Butte loved Burton K. Wheeler, and he loved Butte back.

Now, an important new book — the definitive political biography of the fiercely progressive and iconoclastic senator — has been published.

"Political Hell-Raiser: The Life and Times of Senator Burton K. Wheeler of Montana," was authoritatively researched and written by longtime Western journalist, political aide and consultant Marc C. Johnson, and he will be at the Butte-Silver Bow Public Archives this Wednesday to talk about it. (See attached information).

Wheeler, an ambitious young attorney, was elected to the Legislature to represent Butte in 1910 — but as Johnson explains, when he found out just how beholden he was expected to be to the Anaconda Copper Company, he bowed his neck — and became a one-term legislator.

Wheeler was deeply moved by the murder of Frank Little in 1917, and the attacks on freedom of speech and civil liberties that followed in the Mining City during World War I.

That experience was the crucible of a career that Wheeler spent fighting the concentration of power in all places. Deeply influenced by Wisconsin Republican Robert LaFollette, Wheeler became one of the leaders of a bipartisan progressive Western faction that included Idaho Sen. William E. Borah.

Wheeler became the first senator to endorse Franklin D. Roosevelt for president in 1932. Both Wheeler and Montana's senior senator, Thomas J. Walsh of Helena, had significant roles in Roosevelt's campaign.

Johnson makes the case in the book that Montana never played such a pivotal part in a presidential election, before or since, as it did in 1932. Walsh was ticketed to be Roosevelt's attorney general, but died before he could assume the office.

After the election, Wheeler would be increasingly disillusioned and disappointed that he wasn't able to exert more influence on the Roosevelt presidency. As Johnson relates, FDR and Wheeler had "a long and bumpy relationship."

Deeply antiwar, Wheeler fully expected to capture the Democratic nomination for president in 1940, only to be further disillusioned and disappointed by Roosevelt's cannily crafted "draft" to run for a third term.

Throughout his illustrious career, Wheeler was never afraid to buck his own party or the president on principle. And Johnson's skillful telling of Wheeler's story is particularly apt given the political situation today.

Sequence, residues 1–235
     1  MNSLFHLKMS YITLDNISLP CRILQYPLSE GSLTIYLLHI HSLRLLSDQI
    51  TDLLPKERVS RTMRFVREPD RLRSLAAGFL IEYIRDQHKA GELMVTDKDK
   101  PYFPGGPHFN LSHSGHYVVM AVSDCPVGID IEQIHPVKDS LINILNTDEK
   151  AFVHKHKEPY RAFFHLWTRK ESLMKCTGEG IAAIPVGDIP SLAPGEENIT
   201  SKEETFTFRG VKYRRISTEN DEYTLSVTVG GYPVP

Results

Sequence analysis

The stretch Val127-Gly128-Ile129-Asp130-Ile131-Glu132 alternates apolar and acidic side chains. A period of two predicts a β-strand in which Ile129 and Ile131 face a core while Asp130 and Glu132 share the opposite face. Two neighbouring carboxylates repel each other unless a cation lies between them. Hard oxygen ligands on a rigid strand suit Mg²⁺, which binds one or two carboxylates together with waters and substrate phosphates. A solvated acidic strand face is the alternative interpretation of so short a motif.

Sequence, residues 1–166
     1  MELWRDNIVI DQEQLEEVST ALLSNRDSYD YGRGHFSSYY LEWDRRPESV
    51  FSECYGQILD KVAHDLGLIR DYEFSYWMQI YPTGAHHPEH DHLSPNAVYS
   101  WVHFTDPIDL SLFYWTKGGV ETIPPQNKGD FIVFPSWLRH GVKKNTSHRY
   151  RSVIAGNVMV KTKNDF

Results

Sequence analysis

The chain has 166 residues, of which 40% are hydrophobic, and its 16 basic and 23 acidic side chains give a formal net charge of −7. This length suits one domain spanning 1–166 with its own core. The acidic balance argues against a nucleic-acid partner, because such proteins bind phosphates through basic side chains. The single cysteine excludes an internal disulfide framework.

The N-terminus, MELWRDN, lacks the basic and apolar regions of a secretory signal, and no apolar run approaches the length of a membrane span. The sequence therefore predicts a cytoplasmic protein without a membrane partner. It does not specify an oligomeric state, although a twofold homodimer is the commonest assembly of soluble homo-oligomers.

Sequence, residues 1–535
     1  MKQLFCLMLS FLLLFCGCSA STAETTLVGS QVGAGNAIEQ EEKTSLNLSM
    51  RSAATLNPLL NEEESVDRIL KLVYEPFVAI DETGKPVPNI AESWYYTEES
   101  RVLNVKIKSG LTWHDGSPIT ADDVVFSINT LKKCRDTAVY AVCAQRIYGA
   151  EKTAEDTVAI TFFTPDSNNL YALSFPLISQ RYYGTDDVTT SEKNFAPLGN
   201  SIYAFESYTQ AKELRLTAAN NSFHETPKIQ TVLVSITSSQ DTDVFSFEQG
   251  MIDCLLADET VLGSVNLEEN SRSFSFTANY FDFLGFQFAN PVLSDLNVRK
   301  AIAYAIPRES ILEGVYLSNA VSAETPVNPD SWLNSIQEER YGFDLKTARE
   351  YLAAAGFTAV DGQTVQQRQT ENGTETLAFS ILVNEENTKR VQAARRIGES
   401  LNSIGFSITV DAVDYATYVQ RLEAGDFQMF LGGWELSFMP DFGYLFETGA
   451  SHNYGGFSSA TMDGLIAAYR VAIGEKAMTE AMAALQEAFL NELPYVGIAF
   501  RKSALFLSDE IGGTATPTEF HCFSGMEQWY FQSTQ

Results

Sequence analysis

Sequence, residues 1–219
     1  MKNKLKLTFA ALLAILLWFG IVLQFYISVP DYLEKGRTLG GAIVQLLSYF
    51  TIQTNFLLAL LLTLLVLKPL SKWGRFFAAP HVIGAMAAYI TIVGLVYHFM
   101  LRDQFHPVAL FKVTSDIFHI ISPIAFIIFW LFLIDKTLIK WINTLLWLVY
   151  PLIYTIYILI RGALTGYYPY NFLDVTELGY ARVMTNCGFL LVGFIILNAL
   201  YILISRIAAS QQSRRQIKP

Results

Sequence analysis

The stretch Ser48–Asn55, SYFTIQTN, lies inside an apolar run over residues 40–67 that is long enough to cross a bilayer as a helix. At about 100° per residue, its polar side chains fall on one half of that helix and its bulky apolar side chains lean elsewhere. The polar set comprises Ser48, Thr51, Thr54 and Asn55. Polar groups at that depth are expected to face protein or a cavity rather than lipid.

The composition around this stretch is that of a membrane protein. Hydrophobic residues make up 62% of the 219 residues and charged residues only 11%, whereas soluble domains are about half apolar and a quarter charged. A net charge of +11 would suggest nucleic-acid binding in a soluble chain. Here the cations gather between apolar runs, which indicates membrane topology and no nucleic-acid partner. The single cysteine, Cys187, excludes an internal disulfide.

That seemingly perfect timing is at least partly accidental; Johnson has been working on the Wheeler book, on and off, for nearly two decades.

"It certainly took a long time to put together," Johnson says with a self-deprecating chuckle. "But Wheeler's story is absolutely relevant now — even more than when I started."

Johnson credits the University of Oklahoma Press, which published the volume, for "wonderful assistance. They have a great tradition of publishing Montana history, starting with K. Ross Toole."

Johnson, who now lives in Oregon, was a longtime broadcast journalist and a top aide to Idaho's longest-serving governor, Cecil Andrus.

The Wheeler research wasn't particularly easy. Wheeler was not a diarist nor a document pack-rat — he apparently destroyed many of his own papers. But with visits to the Montana Historical Society, the library at Montana State University, the Hoover, Roosevelt and Truman presidential libraries — and the Butte-Silver Bow Public Archives — Johnson painstakingly "rebuilt the archival record," he says.

The enormous influence on Wheeler of the tumultuous World War I years in Butte became very clear to Johnson.

"At a time when dissent against government, even at the margins, was considered unpatriotic or un-American, Wheeler's values were forged in Butte, America," Johnson says.

"People ask me what current politician reminds me the most of Wheeler," Johnson says, "and my answer is, "Frankly, nobody."

Johnson acknowledges that the current political climate "makes it difficult to be as courageous" as Wheeler was. "Independence of party is just not a characteristic you see in politics today."

Johnson maintains that Wheeler was "the most powerful politician in Montana's history," adding, "It must be something in the water but Montana has certainly produced more than its share of gutsy, independent politicians. Wheeler is not unique in that respect, but he is at the center of it."

Butte and Silver Bow County was Wheeler's political base throughout his career. Time and again, the county would vote for him by heavy margins. "Organized labor being what it was, it was clearly a political boon to him," Johnson said. "He very closely identified with Butte's Irish population and enjoyed its political support."

Did he come away liking Wheeler more or less after so many years of research?

"I like him more," Johnson said. "I believe aspects of his foreign policy were unfortunate and could have been disastrous. But he was a man of amazing courage and principle."

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